The Pioneer SX-50 was introduced in 1983 and had a retail price of $380. It is a computer controlled stereo receiver and embraced emerging audio technologies, supporting TV audio inputs and also anticipating the rise of the compact disc. It pioneered multiple audio inputs and allowed switching between emerging formats like CD players and hi-fi videodisc soundtracks. Its forward-thinking design made high quality audio integration intuitive and uncomplicated.
The SX-50 produces 50 watts per channel and has a very low rating of .007% total harmonic distortion. The sound is characterized as clean as opposed to warm and the tuner is adequate in areas of strong signals. It was part of Pioneer’s lineup that included the SX-40, SX-60, and the top of the line SX-V90 which came out a bit later. Here are the prices and power outputs of the models:
- SX-40 38 wpc .02 thd $300
- SX-50 50 wpc .007 thd $380
- SX-60 80 wpc .005 thd $500
- SX-V90 125 wpc .005 thd $800
If you’re into the retro 1980’s look then the Pioneer SX-50 probably looks cool to you. The numerous push buttons with different coloration and of course the large green vacuum fluorescent display give it a new wave look. Pioneer used sliders for the tone controls and large push buttons for the input selections. The simulated stereo button was mainly for TV sound which was usually mono but could be hooked up through the SX-50 which would separate the input signal and create a simulated stereo output. More on that below.
The display and controls on the Pioneer SX-50 are designed to make operation intuitive and provide feedback on the receiver’s status. Here are the main features of the tuner:
- The Pioneer receiver has manual tuning where you tune to stations manually, as well as automatic tuning that seeks out stations on its own in both directions.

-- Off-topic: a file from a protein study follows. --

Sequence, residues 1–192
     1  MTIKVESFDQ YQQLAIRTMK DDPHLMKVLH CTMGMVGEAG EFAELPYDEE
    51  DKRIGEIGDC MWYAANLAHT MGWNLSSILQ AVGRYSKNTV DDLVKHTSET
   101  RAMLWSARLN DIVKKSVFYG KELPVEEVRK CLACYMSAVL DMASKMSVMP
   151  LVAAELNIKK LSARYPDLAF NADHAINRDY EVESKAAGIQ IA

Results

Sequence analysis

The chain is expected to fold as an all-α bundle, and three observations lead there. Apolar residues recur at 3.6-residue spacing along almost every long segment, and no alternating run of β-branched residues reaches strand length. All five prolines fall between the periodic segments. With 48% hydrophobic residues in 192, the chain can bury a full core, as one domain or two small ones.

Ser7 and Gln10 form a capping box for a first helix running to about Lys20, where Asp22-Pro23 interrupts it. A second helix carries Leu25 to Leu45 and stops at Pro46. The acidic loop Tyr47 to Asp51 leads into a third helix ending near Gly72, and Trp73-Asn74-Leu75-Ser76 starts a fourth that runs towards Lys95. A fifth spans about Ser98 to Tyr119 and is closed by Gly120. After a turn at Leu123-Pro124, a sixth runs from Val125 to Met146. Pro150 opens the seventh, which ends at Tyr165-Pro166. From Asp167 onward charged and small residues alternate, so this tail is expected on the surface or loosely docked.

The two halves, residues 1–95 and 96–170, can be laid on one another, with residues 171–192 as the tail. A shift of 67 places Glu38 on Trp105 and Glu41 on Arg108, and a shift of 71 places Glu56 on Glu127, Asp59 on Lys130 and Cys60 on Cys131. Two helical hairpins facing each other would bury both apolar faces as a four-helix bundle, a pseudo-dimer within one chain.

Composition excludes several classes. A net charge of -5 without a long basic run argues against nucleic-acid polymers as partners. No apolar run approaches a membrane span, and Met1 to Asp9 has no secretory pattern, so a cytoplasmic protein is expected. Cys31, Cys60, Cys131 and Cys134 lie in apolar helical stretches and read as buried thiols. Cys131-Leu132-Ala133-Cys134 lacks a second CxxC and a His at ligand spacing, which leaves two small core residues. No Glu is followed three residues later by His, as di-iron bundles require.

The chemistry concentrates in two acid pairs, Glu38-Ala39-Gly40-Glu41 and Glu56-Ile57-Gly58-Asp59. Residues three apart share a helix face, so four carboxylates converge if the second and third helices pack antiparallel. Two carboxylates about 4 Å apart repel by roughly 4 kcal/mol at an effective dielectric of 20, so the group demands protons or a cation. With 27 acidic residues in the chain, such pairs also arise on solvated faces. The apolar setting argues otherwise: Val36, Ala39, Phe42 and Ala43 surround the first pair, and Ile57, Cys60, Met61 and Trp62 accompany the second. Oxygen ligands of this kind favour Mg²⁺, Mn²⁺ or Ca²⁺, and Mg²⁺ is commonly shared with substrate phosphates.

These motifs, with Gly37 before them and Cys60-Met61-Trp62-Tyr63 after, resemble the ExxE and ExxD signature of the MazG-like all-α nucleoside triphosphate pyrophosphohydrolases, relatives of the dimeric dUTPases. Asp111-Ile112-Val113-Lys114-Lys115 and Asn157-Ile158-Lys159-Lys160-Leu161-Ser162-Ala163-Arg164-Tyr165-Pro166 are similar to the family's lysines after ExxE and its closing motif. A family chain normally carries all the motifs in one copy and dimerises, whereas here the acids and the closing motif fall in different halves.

- It can store 8 preset stations for both AM and FM bands. When you reach one end of the band, it jumps to the opposite end and keeps tuning in the same direction.
- The LED display visually shows which direction the auto-tuning is scanning, lighting up sequentially. The center light indicates when a strong station is found.
- The display panel shows the status of all the settings, like volume, balance, bass, treble, tuning mode, etc. It gives you visual feedback on what the receiver is doing.
- When you turn the receiver off and back on, it remembers the last tuned station and settings and returns to them automatically.
- You can also return to the last tuned station by pressing the preset buttons, which will change the station but keep the AM/FM band the same.
- The bass and treble (tone) controls use sliding levers with a center detent position for flat/neutral.
The tuner performance in the Pioneer SX-50 receiver is typical for its price range at the time. It should work fine for most people, unless you live in an area with weak radio signals. The issue is that it requires a very strong signal to receive stereo FM stations – 36.25 dB or higher. Most other receivers can get stereo FM with signals well below 30 dB.